Is this possible? Sadly for lenders and servicers it is!
We are constrained to devote a fair amount of emphasis to the problem of the 90-day notice as a condition precedent to home loan foreclosures in New York. In that regard, foreclosures are much too often dismissed when the foreclosing plaintiffs are unable to prove that the notice was actually mailed – but as noted this is a problem we have addressed in any number of alerts and articles.
But the 30-day notice? This is an ancient creature, a function of the Fannie Mae / Freddie Mac uniform instrument providing that a certain 30-day notice must be sent by regular mail to the borrower. Because this obligation has been around for so long, one might assume that lenders and servicers decades ago established procedures to demonstrate the mailing of the 30-day notice because if they are unable to do that, any savvy borrower will claim lack of receipt. The simple fact then is that the foreclosure will be dismissed for want of demonstrating the mailing of that notice.
Some twenty years ago (before the 90-day notice came to the fore), the defense of lack of mailing of the 30-day notice was commonplace. Borrowers jumped on this and used it to their advantage. Over time, however, lenders victimized by the defense tightened procedures enough so that the issue faded away. But that is not to say that it disappeared entirely. Indeed, very recently, there were four reported cases where borrowers claimed lack of 30-day notice. In two of those, the lender was successful [Suntrust Bank v. Morris, 169 A.D.3d 961, 92 N.Y.S.3d 710 (2d Dept. 2019); PennyMac Holdings, LLC v. Lane, 171 AD.3d 774, 97 N.Y.S.3d 194 (2d Dept. 2019)] but in two the lender lost and the foreclosures were dismissed [US Bank National Association v. Cope, 167 A.D.3d 965, 90 N.Y.S.3d 227 (2d Dept. 2018); Bank of America, N.A. v. Kljajic, 2019 N.Y. App. Div. LEXIS 107, 91 N.Y.S.3d 231 (2d Dept. 2019)]. A fifty percent success ratio isn’t very good when it ought to be one hundred percent.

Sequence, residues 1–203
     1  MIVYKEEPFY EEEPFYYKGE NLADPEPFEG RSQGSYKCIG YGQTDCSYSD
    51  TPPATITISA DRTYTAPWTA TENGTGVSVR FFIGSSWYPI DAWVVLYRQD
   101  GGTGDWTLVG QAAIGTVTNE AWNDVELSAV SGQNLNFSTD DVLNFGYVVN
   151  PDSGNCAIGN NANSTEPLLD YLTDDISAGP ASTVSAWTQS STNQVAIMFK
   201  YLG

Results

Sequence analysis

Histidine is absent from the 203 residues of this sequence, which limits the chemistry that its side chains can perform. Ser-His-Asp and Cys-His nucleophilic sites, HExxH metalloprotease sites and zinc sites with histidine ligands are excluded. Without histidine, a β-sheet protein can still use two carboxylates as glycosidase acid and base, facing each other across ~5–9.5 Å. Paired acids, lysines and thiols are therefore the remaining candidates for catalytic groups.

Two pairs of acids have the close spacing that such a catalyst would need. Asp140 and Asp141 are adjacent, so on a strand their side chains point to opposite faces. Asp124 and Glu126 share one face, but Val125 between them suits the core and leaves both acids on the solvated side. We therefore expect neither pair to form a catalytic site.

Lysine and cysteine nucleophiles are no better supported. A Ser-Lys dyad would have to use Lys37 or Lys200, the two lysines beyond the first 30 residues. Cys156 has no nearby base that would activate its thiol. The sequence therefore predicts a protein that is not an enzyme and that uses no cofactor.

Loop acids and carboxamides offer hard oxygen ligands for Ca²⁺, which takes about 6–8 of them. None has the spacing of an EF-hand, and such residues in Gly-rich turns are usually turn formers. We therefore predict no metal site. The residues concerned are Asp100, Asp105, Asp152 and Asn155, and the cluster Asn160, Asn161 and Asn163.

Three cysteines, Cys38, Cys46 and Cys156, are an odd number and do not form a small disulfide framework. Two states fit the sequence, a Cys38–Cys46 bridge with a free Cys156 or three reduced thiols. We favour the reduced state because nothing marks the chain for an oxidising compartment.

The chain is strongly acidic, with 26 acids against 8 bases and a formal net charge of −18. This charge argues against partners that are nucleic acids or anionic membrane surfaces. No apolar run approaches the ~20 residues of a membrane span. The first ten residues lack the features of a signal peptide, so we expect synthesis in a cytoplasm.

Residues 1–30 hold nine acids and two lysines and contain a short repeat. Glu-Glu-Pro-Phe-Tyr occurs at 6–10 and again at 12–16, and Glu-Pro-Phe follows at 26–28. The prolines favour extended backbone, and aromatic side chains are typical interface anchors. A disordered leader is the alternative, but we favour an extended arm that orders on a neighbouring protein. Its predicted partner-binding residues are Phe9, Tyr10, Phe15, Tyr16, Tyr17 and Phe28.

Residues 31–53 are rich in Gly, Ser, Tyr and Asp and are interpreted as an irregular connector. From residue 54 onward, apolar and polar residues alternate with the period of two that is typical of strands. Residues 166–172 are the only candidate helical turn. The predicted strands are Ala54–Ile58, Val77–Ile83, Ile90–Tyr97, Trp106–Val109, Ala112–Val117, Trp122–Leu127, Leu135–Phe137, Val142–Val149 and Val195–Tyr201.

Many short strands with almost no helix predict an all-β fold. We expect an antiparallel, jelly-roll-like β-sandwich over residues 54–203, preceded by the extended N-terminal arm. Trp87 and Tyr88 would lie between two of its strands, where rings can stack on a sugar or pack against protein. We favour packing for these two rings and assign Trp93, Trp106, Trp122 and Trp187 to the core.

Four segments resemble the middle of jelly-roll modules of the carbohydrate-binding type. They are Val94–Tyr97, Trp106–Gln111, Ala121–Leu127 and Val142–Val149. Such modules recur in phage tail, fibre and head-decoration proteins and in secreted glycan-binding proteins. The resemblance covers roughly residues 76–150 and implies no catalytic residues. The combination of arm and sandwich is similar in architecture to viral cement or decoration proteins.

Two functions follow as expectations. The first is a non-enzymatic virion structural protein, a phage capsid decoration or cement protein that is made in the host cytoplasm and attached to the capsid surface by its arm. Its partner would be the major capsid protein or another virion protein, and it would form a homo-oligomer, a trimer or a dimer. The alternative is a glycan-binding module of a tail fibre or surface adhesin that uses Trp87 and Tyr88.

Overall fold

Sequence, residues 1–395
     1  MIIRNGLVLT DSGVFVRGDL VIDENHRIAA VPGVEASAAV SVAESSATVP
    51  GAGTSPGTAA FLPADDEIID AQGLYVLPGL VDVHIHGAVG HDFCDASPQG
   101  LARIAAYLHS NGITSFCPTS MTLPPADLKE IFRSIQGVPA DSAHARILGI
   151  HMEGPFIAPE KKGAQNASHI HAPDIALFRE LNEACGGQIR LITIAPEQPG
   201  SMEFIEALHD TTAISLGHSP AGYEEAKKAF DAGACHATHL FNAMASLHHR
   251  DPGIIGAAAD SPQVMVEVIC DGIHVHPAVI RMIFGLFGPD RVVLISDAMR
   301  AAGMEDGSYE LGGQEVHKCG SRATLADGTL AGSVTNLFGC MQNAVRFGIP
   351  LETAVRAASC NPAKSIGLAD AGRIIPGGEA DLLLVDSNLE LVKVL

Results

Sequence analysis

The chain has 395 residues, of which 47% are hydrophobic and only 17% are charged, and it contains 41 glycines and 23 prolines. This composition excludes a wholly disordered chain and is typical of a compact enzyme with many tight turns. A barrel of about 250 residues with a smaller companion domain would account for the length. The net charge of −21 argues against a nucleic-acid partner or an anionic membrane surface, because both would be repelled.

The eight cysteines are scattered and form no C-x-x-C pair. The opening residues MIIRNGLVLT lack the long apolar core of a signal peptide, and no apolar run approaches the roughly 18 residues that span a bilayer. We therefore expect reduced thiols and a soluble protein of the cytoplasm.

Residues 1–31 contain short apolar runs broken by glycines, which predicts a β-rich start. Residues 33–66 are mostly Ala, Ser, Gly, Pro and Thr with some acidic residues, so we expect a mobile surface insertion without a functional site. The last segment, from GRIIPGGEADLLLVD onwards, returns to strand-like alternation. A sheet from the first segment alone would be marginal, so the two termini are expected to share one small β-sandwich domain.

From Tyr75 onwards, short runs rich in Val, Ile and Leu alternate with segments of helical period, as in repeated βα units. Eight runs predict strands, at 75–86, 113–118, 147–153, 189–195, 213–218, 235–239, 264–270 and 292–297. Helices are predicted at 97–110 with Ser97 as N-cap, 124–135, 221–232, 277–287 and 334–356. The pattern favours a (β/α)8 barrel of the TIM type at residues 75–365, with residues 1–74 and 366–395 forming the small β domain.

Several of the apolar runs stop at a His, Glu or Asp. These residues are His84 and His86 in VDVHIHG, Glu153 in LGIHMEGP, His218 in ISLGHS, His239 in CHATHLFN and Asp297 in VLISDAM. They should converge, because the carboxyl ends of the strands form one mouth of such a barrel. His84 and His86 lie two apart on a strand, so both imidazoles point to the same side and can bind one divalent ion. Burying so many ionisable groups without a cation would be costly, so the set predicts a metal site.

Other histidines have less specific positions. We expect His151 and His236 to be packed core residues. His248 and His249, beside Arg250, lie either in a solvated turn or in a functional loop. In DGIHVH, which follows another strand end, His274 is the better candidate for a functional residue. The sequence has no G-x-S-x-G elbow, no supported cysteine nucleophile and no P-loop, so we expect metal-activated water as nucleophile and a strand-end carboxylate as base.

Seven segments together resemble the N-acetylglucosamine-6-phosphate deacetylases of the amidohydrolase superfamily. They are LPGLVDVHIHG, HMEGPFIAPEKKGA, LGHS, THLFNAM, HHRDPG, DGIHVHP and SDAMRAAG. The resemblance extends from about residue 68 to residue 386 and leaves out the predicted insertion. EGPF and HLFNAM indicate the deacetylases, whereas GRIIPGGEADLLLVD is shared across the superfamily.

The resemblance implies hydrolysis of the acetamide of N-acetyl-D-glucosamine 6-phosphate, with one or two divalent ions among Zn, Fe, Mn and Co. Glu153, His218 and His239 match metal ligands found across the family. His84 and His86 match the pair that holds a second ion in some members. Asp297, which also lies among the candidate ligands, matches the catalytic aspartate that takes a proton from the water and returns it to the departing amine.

In the first mentioned defeat, the foreclosing lender’s proof was close to non-existent. The court found that the evidence submitted failed to show that the required 30-day notice of default was in fact submitted to the defendants by first-class mail or actually delivered to the designated address if sent by some other means which was required by the terms of the mortgage – all as a condition precedent.
In the second case there was an affidavit from the plaintiff’s loan servicer claiming that notice of default was sent to the defendant on a certain day, but this was found to be conclusory and unsubstantiated, even when considered together with a copy of the notice of default. Thus, the lender was unable to prove that the notice was sent in accordance with the mortgage dictates.
In each case the lender or servicer claimed that the notice was sent, but simply lacked any proof of the act. Lenders and servicers, however, should know the answer here. There can be either an affidavit of service or in the alternative, testimony as to the system which assures that notices are mailed, an affidavit of the practices and procedures in the office that handles the notices. Failing in one of those, anytime a borrower wishes to assail the mailing of the 30-day notice, there will be a danger to the foreclosure.
Mr. Bergman, author of the four-volume treatise, Bergman on New York Mortgage Foreclosures, LexisNexis Matthew Bender (rev. 2019), is a partner with Berkman, Henoch, Peterson, Peddy & Fenchel, P.C. in Garden City, New York. He is also a member of the USFN, The American College of Real Estate Lawyers, The American College of Mortgage Attorneys, an adviser to the New York Times on foreclosure issues and writes a regular servicing column for the New York Law Journal. He is AV rated by Martindale-Hubbell, his biography appears in Who’s Who In American Law and he has been for years listed in Best Lawyers In America and New York Super Lawyers.